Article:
Initial Impressions: WORLD OF WARCRAFT

Okay, so for someone who was a huge fan of fantasy, role-playing games, WARCRAFT and its sequels, and Blizzard itself, you might’ve thought I’d have jumped on Blizzard’s massively multi-player masterpiece when it was first released.  I did not.  I was deathly afraid of WORLD OF WARCRAFT for all the reasons above.  Knowing my tendencies to  . . . er . . . overly focus on things to the exclusion of all others and my bit of experience playing FINAL FANTASY XI (the online one) and RAGNAROK ONLINE I was certain that WoW would be crack cocaine in digital form.

In the end, I decided it was necessary for me to face the dangers of WoW addiction in order to have some experience with the game.  It is a pivotal piece of gaming and so many people reference things within it (especially when talking about creating other online games) that I had to play it enough to be familiar with it.  With all that being said, let’s get into it!

WORLD OF WARCRAFT is what is known as an MMORPG or massively multi-player role-playing game.  It is set in the fantasy world Blizzard created in their WARCRAFT series of strategy computer games, where humans battle orcs and both sides have allies in other races and fantastic creatures.  The game features several different races on both sides of the two playable alliances: the Alliance and the Horde.  I found myself more attracted to the look of the Alliance characters (the sort of “good” side that has Humans, Elves, Dwarves, and Gnomes fighting for it), but in the end I put together a tauren (a sort of minatour type race) druid.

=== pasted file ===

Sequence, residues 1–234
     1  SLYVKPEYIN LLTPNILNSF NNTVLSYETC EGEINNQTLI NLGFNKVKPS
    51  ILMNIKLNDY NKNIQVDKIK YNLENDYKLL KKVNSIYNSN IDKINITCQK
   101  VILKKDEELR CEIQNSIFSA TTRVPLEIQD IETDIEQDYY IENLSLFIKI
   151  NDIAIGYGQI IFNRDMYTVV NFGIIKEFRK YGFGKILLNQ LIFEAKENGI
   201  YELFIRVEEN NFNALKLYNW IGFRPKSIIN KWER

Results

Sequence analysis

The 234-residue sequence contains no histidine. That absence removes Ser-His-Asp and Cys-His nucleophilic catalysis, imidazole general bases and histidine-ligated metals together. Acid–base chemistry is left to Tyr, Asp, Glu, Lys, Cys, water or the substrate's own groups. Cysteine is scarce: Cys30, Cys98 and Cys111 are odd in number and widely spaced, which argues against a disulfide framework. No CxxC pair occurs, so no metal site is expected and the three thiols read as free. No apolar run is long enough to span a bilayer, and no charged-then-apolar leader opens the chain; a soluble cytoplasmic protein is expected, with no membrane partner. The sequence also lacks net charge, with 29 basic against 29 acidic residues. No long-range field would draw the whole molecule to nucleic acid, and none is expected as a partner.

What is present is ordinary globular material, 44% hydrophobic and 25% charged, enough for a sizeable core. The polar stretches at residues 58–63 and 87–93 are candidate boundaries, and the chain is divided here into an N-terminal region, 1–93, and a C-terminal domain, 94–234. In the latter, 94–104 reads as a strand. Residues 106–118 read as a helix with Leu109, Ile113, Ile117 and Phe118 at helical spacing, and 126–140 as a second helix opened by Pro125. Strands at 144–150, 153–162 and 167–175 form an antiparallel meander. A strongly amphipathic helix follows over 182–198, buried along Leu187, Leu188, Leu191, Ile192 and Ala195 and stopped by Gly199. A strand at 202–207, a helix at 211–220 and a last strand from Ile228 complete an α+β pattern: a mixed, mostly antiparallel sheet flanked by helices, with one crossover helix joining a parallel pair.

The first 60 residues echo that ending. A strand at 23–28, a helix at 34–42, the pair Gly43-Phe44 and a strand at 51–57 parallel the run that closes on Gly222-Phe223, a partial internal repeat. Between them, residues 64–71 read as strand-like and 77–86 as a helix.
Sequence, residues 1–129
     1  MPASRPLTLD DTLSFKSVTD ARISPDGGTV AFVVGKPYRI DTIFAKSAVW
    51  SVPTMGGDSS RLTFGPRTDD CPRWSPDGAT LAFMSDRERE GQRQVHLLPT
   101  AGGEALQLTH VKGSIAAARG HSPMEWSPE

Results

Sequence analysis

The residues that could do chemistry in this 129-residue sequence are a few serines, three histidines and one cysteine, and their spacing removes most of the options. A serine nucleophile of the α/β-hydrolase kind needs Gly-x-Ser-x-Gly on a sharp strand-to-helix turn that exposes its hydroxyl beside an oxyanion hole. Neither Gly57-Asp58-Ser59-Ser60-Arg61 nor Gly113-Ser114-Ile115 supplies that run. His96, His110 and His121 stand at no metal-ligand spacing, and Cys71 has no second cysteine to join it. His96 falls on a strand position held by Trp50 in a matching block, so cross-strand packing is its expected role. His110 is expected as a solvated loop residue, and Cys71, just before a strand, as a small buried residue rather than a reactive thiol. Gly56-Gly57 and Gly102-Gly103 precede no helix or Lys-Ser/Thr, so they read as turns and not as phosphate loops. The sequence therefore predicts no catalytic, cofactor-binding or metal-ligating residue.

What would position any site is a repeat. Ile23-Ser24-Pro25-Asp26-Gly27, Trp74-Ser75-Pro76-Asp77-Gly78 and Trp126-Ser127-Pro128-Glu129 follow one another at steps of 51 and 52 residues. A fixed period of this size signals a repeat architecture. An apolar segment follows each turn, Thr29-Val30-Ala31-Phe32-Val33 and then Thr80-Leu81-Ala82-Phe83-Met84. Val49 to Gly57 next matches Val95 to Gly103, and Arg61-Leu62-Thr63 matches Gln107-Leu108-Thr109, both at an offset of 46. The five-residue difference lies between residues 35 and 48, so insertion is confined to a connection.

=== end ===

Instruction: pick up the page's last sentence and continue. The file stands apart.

The main gameplay consists of walking your character around the fantasy world and destroying creatures.  The former is done with standard keyboard controls or by clicking where you want to go.  The latter is the focus of the game and generally consists of clicking on a creature then attacking it with one or more abilities.  The abilities range from simple damage dealing to effects like holding a creature in place.  Like its predecessors, WoW use monster bashing (with all its dice-rolling glory) as its main mechanic, but the draw is in the growth of the character itself.  There’s a sense of accomplishment felt when your character is strong enough to survive and travel to a new area.  There’s always that next level to gain to see what new monster-overcoming power your character can learn and since it’s an online game and one that supports a massive number of players, you can do adventures with several of your friends at once.  It does become a bit of Dungeons and Dragons without pens, paper, dice, and having to imagine what these creatures, characters, and locations look like.

And in case you’re wondering, I did have a mild obsession with it after my initial hour (which goes by pretty fast, by the way), but I’ve been able to manage my WoW play pretty well.  I think I was right, though, if they’d have had this game when I was in college and I’d gotten it, that would’ve been the end of a lot of my classes!

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